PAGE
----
ELIZABETH THURLEMANN:  First of all, this was made in 1527 until 1531.  Kasper Bruner made the whole clock and it has to be winded [wound]  every day.  It has five weights; you take them up by winding the clock, and then it will take them twenty-nine hours to come down.  But actually, of course, they wind it up every twenty-four hours, more or less at six o’clock in the evening, every day.  This main engine makes the clock, the two clocks outside working -- the one that was made in 1531, and the top one, which we actually look at today, about 250 years ago they made the other one.  Three minutes before the hour, actually, the figure-play starts.  This is the rooster.  Then one minute later this engine turns, and this makes the bears over there turning, and with these two ropes here, it makes the jester banging the hour (he’s a jester, that’s why he’s allowed to bang the hour before the hour).  Then one minute later the rooster crows a second time.  And then when the hour is really gone, Cronus (he’s the old man sitting in the middle) turns around his hourglass.  Then it means the hour is gone.  And on the end, the rooster cries a third time.  Here it means, “Ladies and gentlemen, one hour is gone in your life.”  That’s actually how it works.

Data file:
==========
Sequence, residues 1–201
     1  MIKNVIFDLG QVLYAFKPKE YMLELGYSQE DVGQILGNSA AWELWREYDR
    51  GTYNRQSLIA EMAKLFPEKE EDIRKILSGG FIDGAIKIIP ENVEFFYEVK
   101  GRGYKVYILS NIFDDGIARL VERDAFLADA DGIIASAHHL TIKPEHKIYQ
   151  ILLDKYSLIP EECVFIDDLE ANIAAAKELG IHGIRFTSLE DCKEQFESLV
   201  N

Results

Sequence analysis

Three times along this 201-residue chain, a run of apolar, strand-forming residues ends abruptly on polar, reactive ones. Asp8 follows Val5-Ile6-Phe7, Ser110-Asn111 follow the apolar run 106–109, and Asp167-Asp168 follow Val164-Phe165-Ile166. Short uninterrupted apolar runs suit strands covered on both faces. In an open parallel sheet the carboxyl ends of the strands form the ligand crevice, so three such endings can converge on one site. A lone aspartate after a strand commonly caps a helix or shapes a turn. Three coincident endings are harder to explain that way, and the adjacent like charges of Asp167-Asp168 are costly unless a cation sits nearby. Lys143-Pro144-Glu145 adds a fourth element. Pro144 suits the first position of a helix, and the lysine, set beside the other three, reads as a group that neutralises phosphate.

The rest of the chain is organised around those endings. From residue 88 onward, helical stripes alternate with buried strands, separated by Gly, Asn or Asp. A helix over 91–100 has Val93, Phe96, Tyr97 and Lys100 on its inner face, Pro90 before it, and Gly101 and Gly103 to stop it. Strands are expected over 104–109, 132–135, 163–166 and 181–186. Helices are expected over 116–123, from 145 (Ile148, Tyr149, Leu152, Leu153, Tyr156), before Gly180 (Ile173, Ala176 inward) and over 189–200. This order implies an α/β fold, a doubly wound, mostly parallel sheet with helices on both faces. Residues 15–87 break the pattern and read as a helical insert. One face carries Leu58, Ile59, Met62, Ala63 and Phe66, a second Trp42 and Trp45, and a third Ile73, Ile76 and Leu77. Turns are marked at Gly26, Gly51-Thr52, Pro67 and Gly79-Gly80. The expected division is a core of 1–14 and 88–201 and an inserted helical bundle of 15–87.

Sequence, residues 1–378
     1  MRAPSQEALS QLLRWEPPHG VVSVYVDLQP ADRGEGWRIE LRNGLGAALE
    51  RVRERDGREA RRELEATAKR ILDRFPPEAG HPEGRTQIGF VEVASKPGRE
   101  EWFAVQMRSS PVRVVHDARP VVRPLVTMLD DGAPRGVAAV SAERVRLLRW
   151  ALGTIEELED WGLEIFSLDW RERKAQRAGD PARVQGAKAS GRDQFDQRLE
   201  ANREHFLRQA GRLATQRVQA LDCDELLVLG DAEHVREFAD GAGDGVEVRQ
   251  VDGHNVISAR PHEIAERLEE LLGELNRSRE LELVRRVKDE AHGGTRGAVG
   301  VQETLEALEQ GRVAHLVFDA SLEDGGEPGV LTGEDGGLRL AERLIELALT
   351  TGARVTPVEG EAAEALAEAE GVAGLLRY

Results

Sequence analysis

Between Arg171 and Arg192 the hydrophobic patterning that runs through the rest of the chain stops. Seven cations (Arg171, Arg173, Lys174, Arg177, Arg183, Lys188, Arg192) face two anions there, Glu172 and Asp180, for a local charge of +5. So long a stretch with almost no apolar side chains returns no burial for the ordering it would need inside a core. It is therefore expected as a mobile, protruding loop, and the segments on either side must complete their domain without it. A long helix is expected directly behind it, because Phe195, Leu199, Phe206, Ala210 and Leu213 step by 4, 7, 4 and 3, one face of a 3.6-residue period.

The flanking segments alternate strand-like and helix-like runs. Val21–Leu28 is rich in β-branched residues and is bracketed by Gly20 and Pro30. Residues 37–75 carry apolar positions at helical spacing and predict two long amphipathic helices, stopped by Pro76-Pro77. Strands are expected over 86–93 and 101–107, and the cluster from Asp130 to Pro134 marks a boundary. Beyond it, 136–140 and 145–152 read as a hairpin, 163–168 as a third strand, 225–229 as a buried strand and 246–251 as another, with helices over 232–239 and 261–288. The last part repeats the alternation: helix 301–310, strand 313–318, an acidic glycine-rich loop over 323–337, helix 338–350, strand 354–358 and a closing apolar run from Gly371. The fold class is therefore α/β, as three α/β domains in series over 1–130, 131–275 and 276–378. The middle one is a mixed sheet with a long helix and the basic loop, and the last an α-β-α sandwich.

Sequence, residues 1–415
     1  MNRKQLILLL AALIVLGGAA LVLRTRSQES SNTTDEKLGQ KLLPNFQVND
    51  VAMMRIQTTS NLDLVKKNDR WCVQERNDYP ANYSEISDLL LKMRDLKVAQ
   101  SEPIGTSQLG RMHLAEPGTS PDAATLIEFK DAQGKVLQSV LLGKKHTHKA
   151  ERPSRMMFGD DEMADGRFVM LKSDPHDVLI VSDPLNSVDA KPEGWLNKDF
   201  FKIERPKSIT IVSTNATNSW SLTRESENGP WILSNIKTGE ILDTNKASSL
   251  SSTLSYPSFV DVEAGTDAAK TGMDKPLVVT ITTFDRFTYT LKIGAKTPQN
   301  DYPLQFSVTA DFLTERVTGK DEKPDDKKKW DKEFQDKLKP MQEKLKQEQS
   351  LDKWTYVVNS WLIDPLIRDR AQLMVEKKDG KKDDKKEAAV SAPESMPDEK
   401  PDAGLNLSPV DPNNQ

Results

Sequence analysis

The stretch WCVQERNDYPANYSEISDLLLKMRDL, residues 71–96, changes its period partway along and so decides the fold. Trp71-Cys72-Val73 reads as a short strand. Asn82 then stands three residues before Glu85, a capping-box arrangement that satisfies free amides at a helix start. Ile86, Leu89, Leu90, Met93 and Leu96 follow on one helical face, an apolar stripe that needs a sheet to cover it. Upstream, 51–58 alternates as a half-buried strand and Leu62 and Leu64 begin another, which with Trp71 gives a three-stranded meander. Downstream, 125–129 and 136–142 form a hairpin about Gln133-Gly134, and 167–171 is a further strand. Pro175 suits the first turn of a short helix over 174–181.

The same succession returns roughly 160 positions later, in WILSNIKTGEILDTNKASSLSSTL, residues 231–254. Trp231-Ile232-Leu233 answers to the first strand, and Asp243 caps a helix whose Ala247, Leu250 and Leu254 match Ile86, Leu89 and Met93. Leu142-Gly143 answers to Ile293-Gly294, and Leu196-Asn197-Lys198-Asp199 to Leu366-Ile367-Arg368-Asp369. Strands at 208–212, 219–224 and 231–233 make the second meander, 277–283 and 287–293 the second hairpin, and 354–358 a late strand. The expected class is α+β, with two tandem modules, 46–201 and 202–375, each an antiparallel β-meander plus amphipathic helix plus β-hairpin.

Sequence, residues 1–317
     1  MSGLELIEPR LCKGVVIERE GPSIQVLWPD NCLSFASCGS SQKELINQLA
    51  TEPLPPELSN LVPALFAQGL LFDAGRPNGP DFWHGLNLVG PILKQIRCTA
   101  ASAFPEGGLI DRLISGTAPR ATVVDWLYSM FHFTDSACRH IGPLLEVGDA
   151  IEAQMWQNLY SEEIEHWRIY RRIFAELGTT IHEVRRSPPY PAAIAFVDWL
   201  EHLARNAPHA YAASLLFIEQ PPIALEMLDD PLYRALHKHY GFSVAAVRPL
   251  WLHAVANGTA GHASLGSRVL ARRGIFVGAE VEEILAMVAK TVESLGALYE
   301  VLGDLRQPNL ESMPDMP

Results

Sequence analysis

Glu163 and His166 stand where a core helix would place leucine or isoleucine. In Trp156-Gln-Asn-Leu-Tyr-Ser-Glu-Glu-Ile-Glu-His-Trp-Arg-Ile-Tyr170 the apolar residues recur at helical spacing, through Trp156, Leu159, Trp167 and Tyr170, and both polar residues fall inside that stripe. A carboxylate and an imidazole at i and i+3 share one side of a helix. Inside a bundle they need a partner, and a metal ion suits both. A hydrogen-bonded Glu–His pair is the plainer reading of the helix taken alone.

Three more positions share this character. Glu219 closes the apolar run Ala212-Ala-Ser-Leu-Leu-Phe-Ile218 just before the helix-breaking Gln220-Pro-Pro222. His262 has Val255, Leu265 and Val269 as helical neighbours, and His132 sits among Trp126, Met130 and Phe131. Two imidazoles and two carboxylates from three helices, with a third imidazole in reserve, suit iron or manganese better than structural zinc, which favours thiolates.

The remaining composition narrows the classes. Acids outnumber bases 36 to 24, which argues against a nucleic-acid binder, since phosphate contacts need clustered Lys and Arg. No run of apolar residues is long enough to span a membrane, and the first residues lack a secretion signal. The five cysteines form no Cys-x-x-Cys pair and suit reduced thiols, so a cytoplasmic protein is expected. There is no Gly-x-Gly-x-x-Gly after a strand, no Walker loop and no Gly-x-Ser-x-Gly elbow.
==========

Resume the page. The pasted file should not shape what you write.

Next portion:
BURT WOLF:   (after the clockworks runs; checking watch):  It’s right on.

BURT WOLF (ON CAMERA): The clock of Berne reminds us that everything has a season and that time waits for no one. And we’re out of time. I hope you’ve enjoyed this brief visit to central Switzerland and that you will have time, next time, to join us on TRAVEL S& TRADITIONS. I’m Burt Wolf.